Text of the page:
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UNESCO HIV and Health Education Clearinghouse

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  1. Water, sanitation, and primary school attendance: a multi-level assessment of determinants of household-reported absence in Kenya

    This cross-sectional analysis examined the influence of school and household water, sanitation, and hygiene (WASH) conditions on recent primary school absence in light of other individual, household, and school characteristics in western Kenya. School latrine cleanliness was the only school WASH factor associated with reduced odds of absence. The marginal effect of household characteristics, such as distance to water source, child involvement in water collection, and presence of a latrine, differed by gender. …

  2. Adolescent schoolgirls’ experiences of menstrual cups and pads in rural western Kenya: a qualitative study

    Poor menstrual hygiene management (MHM) among schoolgirls in low income countries affects girls' dignity, self-esteem, and schooling. Hygienic, effective, and sustainable menstrual products are required. A randomized controlled feasibility study was conducted among 14-16-year-old girls, in 30 primary schools in rural western Kenya, to examine acceptability, use, and safety of menstrual cups or sanitary pads. Focus group discussions (FGDs) were conducted to evaluate girls' perceptions and experiences six months after product introduction. …

  3. Pupil absenteeism, measurement, and menstruation: Evidence from Kenya

    Impact evaluations focused on school absenteeism commonly use school records of untested quality or expensive spot-check data. We use a large dataset on more than 30,000 unannounced random spot-checks for 6,000 female and male students across 30 schools in Western Kenya, with equivalent school record entries. First, we confirm that while absenteeism is common overall, pubescent girls miss more schooldays than boys because of high incidence of school transfers. …

  4. Menstrual health management in East and Southern Africa: a review paper

    This review provides an overview of MHM policies and programmes in the ESA region, with a focus on education, school and community-based sexuality education, WASH, sexual and reproductive health, workplace support and humanitarian programming, as well as opening up the discussion regarding marginalized groups of women and girls such as disabled, prisoners and transgender men.

  5. WASH in schools empowers girls’ education: Proceedings of the 5th Annual Virtual Conference on Menstrual Hygiene Management in Schools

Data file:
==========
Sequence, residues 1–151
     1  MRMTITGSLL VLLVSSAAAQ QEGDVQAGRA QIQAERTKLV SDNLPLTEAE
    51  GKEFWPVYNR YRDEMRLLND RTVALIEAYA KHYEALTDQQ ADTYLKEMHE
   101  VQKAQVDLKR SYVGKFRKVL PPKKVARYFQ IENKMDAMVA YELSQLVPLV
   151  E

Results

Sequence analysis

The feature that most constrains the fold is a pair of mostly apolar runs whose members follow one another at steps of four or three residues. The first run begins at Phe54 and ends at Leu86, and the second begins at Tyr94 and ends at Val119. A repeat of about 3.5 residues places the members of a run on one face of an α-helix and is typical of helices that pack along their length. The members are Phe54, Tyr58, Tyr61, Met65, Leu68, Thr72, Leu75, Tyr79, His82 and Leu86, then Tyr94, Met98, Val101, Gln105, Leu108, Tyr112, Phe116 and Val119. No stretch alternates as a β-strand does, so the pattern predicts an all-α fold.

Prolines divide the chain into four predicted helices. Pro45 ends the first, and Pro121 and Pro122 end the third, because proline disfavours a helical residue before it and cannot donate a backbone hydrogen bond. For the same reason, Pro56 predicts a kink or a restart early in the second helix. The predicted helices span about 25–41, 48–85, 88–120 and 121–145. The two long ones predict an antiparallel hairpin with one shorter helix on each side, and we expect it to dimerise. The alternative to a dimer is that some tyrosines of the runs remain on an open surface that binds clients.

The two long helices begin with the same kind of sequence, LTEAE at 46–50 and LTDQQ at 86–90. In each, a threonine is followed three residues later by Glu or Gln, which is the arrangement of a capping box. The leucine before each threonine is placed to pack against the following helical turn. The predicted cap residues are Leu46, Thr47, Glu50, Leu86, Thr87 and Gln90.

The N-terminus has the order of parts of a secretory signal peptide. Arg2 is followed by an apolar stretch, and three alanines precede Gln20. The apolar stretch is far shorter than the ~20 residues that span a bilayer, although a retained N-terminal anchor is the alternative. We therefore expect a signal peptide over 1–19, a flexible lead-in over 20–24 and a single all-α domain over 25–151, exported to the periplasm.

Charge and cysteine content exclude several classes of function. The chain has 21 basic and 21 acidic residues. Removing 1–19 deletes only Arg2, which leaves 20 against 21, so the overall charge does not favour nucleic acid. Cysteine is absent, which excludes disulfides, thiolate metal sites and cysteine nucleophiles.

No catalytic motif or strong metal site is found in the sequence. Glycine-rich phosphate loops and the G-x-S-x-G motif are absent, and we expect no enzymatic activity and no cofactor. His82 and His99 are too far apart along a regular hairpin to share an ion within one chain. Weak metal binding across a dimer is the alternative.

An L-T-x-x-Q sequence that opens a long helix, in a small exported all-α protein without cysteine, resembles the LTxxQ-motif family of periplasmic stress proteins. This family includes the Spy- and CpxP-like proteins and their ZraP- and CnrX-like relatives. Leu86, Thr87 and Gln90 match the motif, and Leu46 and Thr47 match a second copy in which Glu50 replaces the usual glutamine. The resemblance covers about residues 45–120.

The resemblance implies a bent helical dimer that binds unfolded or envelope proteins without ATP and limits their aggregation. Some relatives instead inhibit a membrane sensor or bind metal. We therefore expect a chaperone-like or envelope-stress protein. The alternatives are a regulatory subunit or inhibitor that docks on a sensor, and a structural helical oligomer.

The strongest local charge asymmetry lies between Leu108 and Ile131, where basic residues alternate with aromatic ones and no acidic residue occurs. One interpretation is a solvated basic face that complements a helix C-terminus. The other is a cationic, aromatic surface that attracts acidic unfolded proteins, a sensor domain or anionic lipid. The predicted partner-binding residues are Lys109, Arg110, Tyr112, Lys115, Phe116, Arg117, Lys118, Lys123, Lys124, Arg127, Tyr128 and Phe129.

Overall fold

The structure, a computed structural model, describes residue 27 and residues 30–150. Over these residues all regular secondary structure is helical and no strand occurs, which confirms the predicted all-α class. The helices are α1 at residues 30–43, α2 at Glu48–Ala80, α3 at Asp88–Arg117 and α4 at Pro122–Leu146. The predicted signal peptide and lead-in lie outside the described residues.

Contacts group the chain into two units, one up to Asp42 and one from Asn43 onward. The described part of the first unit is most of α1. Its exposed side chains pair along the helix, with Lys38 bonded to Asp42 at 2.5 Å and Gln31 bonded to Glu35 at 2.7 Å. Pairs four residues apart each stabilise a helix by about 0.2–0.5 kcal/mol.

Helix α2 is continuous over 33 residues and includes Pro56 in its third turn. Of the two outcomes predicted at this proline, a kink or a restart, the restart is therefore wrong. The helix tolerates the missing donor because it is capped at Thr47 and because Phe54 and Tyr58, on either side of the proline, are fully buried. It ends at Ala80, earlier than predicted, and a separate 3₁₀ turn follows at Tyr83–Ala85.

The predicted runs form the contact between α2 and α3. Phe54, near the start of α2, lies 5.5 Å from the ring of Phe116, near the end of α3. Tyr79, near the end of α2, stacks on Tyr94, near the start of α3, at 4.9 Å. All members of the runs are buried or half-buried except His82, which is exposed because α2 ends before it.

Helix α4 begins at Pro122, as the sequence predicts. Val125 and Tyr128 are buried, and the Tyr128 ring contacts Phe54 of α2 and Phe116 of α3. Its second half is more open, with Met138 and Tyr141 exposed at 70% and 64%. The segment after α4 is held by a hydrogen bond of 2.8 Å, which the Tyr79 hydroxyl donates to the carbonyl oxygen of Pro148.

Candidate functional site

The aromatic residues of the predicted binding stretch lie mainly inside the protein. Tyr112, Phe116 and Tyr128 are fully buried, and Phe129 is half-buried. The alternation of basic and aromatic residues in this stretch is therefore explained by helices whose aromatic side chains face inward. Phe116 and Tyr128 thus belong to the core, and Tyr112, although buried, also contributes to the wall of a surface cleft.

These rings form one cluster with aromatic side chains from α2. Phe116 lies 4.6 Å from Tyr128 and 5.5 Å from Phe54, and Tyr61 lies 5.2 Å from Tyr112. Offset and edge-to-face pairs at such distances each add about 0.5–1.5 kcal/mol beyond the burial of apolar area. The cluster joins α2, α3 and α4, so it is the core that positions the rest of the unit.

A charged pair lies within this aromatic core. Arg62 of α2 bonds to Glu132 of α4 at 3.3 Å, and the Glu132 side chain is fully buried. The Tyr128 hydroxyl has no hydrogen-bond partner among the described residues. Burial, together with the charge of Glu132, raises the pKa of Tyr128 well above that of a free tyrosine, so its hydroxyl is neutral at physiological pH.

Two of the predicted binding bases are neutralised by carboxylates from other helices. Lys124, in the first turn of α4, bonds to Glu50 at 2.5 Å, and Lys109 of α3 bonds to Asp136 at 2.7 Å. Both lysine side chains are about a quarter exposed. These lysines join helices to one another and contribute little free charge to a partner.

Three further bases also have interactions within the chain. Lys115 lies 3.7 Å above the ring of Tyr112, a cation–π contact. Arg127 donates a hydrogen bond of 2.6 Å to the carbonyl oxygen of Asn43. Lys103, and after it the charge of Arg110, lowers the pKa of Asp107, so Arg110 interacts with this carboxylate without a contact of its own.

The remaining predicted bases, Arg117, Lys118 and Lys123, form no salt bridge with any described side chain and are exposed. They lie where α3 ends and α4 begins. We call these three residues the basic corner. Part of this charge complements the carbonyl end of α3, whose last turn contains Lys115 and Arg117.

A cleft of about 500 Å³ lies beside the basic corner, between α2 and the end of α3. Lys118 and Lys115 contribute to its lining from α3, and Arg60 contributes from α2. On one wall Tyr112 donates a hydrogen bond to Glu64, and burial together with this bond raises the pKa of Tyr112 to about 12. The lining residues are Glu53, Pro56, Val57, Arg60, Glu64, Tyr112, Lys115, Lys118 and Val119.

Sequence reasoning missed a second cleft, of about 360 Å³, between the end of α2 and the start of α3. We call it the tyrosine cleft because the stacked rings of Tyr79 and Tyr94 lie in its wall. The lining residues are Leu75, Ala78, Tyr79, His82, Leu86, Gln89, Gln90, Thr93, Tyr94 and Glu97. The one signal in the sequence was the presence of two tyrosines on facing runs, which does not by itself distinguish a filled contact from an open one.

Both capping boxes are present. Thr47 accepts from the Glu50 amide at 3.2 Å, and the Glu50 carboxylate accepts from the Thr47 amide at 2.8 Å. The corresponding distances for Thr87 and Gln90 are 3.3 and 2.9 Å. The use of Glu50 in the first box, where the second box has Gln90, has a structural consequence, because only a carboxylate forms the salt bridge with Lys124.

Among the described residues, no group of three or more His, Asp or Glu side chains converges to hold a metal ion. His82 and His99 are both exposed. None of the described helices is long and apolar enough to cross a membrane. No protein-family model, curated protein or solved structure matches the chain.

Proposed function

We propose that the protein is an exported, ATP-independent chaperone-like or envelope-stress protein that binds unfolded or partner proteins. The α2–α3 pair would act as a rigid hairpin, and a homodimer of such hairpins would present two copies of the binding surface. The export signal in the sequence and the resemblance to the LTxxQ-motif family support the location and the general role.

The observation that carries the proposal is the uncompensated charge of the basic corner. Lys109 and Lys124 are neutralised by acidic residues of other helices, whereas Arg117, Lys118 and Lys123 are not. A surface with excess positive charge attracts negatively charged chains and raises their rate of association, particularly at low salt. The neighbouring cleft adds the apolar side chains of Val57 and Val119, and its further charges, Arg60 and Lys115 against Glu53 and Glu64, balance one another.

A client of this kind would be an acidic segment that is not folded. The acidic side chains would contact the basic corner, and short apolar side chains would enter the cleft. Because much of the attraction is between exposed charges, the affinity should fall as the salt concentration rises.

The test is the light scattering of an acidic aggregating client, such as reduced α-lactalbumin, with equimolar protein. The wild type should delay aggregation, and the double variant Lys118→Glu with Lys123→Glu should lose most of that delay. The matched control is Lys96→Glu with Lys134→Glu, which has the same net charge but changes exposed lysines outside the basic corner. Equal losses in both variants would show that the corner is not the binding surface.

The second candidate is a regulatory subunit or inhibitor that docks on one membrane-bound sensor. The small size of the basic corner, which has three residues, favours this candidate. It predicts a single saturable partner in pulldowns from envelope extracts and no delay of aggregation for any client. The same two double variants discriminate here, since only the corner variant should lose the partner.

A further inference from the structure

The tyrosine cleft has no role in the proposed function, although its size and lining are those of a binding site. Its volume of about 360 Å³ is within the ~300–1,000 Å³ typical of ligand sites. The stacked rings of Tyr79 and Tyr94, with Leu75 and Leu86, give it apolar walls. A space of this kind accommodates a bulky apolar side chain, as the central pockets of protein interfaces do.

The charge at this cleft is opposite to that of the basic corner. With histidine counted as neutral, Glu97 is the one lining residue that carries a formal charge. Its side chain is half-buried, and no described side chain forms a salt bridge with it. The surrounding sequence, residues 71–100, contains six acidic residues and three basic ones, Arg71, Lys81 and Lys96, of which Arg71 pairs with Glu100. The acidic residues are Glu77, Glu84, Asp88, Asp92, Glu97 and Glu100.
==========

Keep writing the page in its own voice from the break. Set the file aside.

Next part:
Capturing girls’ voices: Channelling girls’ recommendations into global and national level action. Globally, there are around 600 million adolescent girls. Adolescence is a pivotal transitional period that requires special attention to ensure progress for all girls, especially the most vulnerable, and poses a unique opportunity to break intergenerational cycles of poverty and to transform gender roles. The onset of puberty and menstruation can pose an additional barrier to a girl’s personal freedom, and can signal entry into a different role in their family and wider society. …

  6. To flush or not to flush: Monitoring and evaluating the primary school sanitary facilities against Ministries' benchmark standards in Southern and Eastern African countries

    Sustainable access to basic sanitation in school is well featured in the Education for All (EFA) goals and Millennium Development Goal (MDG). The United Nations General Assembly of 2010 declared access to sanitation as a human right (United Nations, 2010) in association with the MDG #7, with a particular target to “halve the proportion of people without sustainable access to safe drinking water and basic sanitation” by 2015

  7. WASH in schools empowers girls' education. Proceedings of the menstrual hygiene mananagement in schools virtual conference 2013

    There is increasing interest in exploring and addressing the menstrual hygiene management (MHM) barriers facing schoolgirls and female teachers in educational settings. Around the globe, WASH in Schools (WinS) focuses on fostering social inclusion and individual self-respect – and addresses MHM as a key agenda. By offering an alternative to the stigma and marginalization associated with hygiene issues, integrating MHM into WinS empowers all students, and especially encourages girls and female teachers. …

  8. National school health strategy implementation plan 2011-2015

    This national school health strategic implementation plan aims to identify and mainstream key health interventions for improved school health and education. The strategy comprises eight thematic areas; these are: Values and life skills, Gender issues, Child rights, child protection and responsibilities, Special needs, disability and rehabilitation, Water, sanitation and hygiene, Nutrition, Disease prevention and control and School infrastructure and environmental safety. …

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